Bank lending weak from deleveraging

MORTGAGE lending slumped in April to its lowest monthly level since February 2001 and the number of mortgage approvals only inched higher in what is typically a strong month for the housing market, fresh statistics from the British Bankers’ Association (BBA) showed yesterday.

Banks’ net mortgage lending fell to £1.8bn in April compared with £2.3bn the previous month and only 35,729 mortgages were approved in April, up on March but still below the average for the previous six months.

Analysts said that the data showed that consumers and businesses have been keen to pay down their debts.

Varun Bhabha at Barclays Capital said the weak April data was surprising. “It could be indicative of households remaining cautious in light of uncertainty surrounding the fiscal outlook,” she added.

The BBA’s statistics director, David Dooks said: “Household priorities are clearly reflected in these latest data, with people paying down debt rather than building up savings, even in the main ISA season.”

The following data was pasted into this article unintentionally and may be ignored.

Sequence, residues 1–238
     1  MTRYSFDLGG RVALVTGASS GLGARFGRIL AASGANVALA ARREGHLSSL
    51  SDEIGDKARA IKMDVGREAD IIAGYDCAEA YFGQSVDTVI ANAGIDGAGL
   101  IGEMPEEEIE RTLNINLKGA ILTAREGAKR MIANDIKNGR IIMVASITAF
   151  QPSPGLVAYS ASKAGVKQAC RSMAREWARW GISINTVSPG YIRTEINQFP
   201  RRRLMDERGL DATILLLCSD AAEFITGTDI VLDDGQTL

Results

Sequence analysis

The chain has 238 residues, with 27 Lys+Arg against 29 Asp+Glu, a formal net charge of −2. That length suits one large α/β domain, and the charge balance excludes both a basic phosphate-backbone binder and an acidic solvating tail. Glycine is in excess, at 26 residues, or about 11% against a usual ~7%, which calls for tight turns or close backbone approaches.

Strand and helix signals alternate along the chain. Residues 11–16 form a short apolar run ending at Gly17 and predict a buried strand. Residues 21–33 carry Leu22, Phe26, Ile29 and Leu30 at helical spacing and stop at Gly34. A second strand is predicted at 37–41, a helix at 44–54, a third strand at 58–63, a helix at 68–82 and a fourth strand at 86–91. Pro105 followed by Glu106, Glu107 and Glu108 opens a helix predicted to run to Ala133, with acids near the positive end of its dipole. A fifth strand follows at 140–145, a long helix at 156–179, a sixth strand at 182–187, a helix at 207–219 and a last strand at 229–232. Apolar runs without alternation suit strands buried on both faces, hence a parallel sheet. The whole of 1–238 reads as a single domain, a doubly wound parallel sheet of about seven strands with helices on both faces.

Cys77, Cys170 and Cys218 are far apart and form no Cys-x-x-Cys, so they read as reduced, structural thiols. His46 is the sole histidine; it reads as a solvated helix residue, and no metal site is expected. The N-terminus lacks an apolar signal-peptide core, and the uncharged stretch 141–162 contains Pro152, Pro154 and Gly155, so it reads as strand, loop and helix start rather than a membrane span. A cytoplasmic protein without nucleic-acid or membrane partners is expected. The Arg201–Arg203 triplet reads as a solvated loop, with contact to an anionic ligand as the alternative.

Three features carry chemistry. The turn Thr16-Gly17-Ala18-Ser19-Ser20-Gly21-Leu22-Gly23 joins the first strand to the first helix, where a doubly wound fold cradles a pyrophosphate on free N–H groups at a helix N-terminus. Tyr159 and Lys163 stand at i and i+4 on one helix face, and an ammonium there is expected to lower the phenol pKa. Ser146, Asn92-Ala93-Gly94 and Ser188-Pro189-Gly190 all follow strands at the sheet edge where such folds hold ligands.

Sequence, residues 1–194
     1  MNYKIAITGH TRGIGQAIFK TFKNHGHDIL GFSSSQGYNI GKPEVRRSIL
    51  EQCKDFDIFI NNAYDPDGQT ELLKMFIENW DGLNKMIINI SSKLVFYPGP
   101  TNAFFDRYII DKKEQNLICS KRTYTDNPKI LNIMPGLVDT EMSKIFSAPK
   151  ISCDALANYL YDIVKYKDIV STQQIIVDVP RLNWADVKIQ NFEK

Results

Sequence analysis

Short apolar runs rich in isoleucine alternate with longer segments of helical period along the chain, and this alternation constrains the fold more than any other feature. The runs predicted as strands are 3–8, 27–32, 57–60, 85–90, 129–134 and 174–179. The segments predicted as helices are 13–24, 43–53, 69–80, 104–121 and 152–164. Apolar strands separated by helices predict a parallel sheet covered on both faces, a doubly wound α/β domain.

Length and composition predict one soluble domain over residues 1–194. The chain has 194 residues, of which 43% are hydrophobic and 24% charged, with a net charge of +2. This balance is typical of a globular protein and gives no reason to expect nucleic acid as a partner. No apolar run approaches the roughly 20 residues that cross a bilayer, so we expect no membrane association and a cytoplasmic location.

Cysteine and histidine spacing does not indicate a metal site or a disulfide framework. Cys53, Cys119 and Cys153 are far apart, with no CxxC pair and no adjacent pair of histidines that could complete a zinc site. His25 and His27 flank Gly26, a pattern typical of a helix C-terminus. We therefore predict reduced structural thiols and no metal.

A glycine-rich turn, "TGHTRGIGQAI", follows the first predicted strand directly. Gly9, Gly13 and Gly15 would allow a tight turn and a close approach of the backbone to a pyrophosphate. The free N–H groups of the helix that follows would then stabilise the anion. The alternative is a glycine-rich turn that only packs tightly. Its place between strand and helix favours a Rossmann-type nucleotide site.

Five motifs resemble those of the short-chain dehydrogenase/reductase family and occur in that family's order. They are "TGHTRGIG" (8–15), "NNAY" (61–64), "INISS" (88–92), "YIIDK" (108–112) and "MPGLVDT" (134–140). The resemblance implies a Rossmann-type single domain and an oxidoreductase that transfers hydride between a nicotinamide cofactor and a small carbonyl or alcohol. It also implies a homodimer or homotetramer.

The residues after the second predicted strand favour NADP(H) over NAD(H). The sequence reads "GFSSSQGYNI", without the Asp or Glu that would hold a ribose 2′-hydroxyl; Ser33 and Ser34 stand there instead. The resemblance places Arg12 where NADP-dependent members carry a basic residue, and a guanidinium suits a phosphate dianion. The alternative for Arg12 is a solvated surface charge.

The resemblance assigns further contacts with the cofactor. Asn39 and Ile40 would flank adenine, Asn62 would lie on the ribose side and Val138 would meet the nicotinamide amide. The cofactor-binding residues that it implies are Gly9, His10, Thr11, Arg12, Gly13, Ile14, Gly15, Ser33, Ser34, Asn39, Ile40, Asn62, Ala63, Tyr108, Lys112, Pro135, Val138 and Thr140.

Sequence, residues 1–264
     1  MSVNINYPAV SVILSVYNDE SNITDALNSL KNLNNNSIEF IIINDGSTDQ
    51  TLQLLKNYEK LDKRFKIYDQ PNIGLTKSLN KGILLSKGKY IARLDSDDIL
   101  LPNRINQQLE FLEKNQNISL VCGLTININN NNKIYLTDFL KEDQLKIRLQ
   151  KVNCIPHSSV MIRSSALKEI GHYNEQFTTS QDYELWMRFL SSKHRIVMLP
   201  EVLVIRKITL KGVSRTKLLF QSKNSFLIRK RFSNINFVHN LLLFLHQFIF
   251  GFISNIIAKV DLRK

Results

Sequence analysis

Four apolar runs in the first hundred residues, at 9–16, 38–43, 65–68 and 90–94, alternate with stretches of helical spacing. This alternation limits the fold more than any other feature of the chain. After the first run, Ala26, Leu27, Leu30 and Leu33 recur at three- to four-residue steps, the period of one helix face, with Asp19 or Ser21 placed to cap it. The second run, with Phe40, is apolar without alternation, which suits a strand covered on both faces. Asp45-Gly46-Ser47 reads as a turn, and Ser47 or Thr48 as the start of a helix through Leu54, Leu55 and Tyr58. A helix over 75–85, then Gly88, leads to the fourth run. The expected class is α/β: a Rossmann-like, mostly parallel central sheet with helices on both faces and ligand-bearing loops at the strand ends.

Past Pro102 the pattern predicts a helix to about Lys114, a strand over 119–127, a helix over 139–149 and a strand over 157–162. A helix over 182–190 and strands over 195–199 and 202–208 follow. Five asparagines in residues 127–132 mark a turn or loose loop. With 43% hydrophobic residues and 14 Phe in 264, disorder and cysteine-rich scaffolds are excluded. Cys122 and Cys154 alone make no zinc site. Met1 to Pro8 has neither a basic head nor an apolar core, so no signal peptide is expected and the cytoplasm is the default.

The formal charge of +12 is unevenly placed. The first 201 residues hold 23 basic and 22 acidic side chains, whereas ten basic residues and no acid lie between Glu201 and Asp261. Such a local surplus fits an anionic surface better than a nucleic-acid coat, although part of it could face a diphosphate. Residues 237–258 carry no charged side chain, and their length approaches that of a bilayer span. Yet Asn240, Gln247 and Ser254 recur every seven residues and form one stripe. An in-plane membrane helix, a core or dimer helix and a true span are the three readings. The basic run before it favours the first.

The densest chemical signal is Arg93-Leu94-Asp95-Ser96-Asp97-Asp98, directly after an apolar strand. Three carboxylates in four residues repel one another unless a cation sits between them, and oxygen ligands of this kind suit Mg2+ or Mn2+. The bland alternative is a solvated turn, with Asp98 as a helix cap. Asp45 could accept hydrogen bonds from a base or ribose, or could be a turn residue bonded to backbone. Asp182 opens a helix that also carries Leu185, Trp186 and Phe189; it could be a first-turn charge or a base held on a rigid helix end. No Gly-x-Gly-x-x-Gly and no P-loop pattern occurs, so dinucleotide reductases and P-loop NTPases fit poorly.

Uncertainties about the impact of government policies and the economy on households and businesses will continue to dent consumer confidence and influence decision-making,” he added.

Subdued spending has led to consumer credit contracting by 2.6 per cent over the past year, the BBA said, although it noted that the growth in card borrowing remains stable.

Net consumer credit was negative for the 12th month in a row and BBA data indicates that consumers have repaid £2.5bn worth of unsecured credit to British banks since the last quarter of 2008.

The BBA also reported that overall lending to non-financial companies fell by £1.1bn in April after a decline of £2.9bn in March. This is being influenced significantly by low corporate demand for credit, said IHS Global Insight’s Howard Archer.